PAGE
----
For regeneration of DPF 14, output from burner 12 combined with post-combustion fuel injection, is expected to provide exotherms sufficiently high for regeneration of a catalyst-based DPF 14. The post-combustion fuel injection could be in-cylinder or in-exhaust by supplemental fuel injector 16.

FIG. 1A is a perspective view of the connection of burner 12 to exhaust pipe 18. Referring to both FIGS. 1 and 1A, burner 12 is a tube-type burner which operates in parallel to the exhaust system 100, to prevent backpressure increases. Burner 12 comprises a burner head 21 and a combustion chamber 42.

In the embodiments of this description, burner 12 meets the engine exhaust line 18 at a right angle such that the burner head 21 attaches at the corner of the right angle and the combustion chamber 42 fits inside the exhaust line 18. Combustion chamber 42 is essentially a hollow cylinder whose outer diameter is smaller than that of the portion of exhaust line 18 surrounding it.

In the example of this description, burner head 21 and combustion chamber 42 are “in-line”, that is, they are on the same longitudinal axis. This facilitates attachment of burner 12 to a port at a corner of exhaust line 18, as shown in FIG. 1A. In other embodiments, burner head 21 and combustion chamber 42 might have some other configuration that would permit combustion chamber 42 to be submersed in exhaust line 18, such as being at right angles to each other.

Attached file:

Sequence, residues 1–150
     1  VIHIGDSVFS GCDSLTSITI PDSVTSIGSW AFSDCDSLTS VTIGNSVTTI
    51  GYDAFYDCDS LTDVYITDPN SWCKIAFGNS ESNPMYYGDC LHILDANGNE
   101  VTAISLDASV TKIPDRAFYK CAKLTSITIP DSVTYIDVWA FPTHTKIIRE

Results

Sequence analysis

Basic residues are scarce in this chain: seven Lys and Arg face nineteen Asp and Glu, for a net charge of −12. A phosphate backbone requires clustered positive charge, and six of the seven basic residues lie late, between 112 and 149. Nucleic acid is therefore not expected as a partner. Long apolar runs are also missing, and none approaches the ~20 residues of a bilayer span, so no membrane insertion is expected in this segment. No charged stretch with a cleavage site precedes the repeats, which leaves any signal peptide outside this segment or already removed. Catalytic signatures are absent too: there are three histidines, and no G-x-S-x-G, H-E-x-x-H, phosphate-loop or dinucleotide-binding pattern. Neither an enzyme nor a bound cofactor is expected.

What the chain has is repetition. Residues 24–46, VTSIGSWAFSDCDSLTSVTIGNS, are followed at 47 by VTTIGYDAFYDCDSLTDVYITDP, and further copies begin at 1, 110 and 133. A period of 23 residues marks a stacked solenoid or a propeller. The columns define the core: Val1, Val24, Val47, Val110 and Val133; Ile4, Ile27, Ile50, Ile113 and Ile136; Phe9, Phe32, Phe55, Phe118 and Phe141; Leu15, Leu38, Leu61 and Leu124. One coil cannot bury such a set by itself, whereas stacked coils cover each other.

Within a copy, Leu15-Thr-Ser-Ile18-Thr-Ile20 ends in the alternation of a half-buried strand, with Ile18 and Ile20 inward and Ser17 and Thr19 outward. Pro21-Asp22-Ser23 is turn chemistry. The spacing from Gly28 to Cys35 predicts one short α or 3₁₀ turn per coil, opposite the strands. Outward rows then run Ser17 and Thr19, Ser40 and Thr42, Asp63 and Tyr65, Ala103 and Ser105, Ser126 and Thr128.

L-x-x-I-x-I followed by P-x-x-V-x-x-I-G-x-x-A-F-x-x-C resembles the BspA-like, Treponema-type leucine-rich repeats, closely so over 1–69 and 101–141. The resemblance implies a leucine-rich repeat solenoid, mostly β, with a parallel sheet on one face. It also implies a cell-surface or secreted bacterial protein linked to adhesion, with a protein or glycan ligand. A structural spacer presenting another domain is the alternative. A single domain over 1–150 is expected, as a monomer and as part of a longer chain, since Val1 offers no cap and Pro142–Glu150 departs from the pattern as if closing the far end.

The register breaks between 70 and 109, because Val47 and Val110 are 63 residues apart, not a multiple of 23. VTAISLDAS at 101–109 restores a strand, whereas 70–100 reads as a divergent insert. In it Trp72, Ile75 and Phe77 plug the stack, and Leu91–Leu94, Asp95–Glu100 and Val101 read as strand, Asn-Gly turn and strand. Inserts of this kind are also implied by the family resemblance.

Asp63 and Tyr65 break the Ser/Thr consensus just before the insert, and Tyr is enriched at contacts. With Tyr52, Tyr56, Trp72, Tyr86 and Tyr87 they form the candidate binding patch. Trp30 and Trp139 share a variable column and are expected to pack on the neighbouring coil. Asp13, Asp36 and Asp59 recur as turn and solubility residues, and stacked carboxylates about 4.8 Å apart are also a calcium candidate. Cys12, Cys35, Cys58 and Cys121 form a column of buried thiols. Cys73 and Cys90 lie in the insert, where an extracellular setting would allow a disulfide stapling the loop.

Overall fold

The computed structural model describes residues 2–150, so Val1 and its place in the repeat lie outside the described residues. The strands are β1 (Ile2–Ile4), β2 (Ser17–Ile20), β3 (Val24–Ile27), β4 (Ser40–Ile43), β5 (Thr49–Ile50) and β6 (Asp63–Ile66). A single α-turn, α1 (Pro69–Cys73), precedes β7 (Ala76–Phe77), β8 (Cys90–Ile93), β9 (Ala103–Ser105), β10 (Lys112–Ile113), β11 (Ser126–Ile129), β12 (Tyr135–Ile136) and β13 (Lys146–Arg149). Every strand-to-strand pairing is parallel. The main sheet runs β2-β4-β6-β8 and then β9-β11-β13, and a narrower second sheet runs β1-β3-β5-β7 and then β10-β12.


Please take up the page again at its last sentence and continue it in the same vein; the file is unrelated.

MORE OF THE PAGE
FIGS. 2 and 3 are perspective views of the burner head 21 of burner 12. FIG. 4 is a cross sectional view of burner 12 in place within exhaust system 100.

More specifically, FIG. 2 illustrates the combustion end of an assembled burner head 21, removed from its attachment at a port of exhaust line 18. An air bonnet 22, fuel injector 23, outer housing 24, and sleeve 25 are visible in this view. Housing 24 encloses bonnet 22 at one end of housing 24, and housing 24 further encloses the fuel injector 23. Bonnet 22 is at the flame end of fuel injector 23. Sleeve 25 fits around the length of fuel injector 23. FIG. 3 illustrates the burner head 21 with its outer housing 24 removed.

Referring to both FIGS. 1A and 4, combustion chamber 42 is “submersed” in the engine exhaust. This permits exhaust to circulate around the outside of the combustion chamber 42. The combustion chamber wall is cooled and heat is efficiently transferred to the exhaust gas. In this manner, the combusted fuel heat, as well as radiant heat emitted from the combustion chamber wall, are transferred to the exhaust. This limits heat loss during the combustion process. Another heat path is where exhaust pipe 18 transfers heat to the oxidation catalyst 17.

As indicated in FIG. 4, fuel and air enter the burner head 21 at the non-combustion end, that is, the end that does not join exhaust line 18. Fuel supply 47 provides fuel from the same fuel source as used for engine 11 (diesel fuel). Air line 48 provides air into the interior of housing 24. As explained below, a secondary air line provides air directly to fuel injector 23 inside sleeve 25.